Security groups are the basic firewall rules associated with instances in various compute clouds. Different platforms may use different names but security group is the most common so that’s the term we will use. Basically, it is a way of defining hypervisor firewall rules. Of course this is a gross simplification – different cloud platforms enforce groups at other layers of the virtual or physical network, but you get the point. You assign instances to a security group and they inherit that rule set, which applies at a per instance level. This is key because you need to do some deeper thinking about what access rules should apply to an individual instance, which is distinctly not like a network segment with a firewall in front of it. For example you can set security group rules that restrict traffic between all instances assigned to the same security group. Thus it has traits of both a host firewall and network firewall, which is kinda cool.
I was teaching our cloud security class last week and one student asked why we don’t just use IP tables or another host firewall. The answer is pretty basic. Security groups allow you to decouple network security from the operating system on the instance. This provides a few advantages:
- Security for specific instances can be managed without needing to instantiate or access them.
- Network security rules can be managed via the cloud API and management plane, supporting better automation.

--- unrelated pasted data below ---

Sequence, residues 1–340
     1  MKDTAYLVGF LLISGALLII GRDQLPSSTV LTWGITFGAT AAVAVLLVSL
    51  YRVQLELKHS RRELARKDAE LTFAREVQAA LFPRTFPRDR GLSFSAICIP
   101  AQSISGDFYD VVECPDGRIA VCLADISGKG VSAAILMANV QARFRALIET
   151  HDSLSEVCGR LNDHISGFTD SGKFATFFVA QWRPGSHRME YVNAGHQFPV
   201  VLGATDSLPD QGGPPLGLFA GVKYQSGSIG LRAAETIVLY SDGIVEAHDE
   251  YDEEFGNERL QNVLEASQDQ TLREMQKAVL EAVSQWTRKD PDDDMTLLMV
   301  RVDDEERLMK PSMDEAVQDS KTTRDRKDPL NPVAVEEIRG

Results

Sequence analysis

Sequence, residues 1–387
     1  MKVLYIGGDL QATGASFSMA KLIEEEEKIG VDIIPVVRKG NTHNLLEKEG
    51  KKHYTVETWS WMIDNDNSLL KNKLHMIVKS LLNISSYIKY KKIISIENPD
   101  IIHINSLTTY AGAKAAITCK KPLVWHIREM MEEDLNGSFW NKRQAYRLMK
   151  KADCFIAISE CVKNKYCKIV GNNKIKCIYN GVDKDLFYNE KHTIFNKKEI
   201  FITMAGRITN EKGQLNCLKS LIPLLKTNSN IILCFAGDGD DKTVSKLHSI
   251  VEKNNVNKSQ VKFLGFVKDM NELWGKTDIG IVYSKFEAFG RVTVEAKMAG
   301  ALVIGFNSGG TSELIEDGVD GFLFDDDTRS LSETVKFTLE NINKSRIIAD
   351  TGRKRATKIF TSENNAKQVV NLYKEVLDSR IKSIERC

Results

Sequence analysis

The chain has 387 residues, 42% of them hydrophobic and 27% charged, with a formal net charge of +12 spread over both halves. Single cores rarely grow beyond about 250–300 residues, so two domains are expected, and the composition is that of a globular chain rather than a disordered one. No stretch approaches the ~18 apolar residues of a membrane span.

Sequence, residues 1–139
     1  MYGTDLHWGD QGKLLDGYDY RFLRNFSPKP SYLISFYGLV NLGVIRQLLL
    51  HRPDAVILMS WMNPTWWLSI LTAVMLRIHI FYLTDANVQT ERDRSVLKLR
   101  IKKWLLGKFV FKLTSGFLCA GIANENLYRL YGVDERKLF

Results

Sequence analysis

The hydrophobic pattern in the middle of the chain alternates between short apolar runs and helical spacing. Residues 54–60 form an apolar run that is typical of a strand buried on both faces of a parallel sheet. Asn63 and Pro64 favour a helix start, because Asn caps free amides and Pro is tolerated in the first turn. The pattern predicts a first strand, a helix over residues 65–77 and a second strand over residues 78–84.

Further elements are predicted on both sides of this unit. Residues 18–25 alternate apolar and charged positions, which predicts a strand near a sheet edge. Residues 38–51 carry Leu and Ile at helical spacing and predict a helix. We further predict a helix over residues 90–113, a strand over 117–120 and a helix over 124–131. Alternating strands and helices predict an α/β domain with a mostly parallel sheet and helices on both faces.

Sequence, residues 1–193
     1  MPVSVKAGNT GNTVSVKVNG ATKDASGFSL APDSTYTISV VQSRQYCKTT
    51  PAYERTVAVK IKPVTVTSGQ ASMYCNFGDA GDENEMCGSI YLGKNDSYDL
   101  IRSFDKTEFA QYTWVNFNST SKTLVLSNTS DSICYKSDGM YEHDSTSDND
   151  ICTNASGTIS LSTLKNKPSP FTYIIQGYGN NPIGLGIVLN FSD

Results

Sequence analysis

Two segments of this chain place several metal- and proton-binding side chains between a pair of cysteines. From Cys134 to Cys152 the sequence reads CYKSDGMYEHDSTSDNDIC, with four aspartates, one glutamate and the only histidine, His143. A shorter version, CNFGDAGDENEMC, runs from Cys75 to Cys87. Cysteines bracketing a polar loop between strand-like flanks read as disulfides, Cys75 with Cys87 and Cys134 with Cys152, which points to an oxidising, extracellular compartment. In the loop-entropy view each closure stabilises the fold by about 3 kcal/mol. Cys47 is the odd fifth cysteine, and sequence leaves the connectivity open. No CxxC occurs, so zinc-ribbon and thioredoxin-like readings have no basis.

- Security groups apply no matter the boot or security state of an instance, so if your instance is compromised you can isolate it easily with a quick security group rule change.
This does not mean you don’t still need host firewalls. They still play a valuable role when you need extra granularity, such as protecting instances when they move between different security groups. Another use for a host firewall is to provide the administrator with control over the specific instance’s security without requiring cloud management layer changes. Security group capabilities vary widely between platforms but the basic principles are pretty consistent. They also don’t necessarily substitute (yet) for more advanced firewall/IPS setups, which is when virtual appliances or some of the fancy integrated technologies (such as what VMWare is doing with vShield) come into play to inspect inter-VM traffic.
The more I use them the more I am becoming a big fan of security groups, even with their limitations. They are pretty dumb, without even basic stateful packet inspection capabilities. Long term, any network security tools that want to play well with the cloud will need to adopt the same degree of integration with security groups implemented via the cloud platform, as well as access to those controls via robust cloud APIs.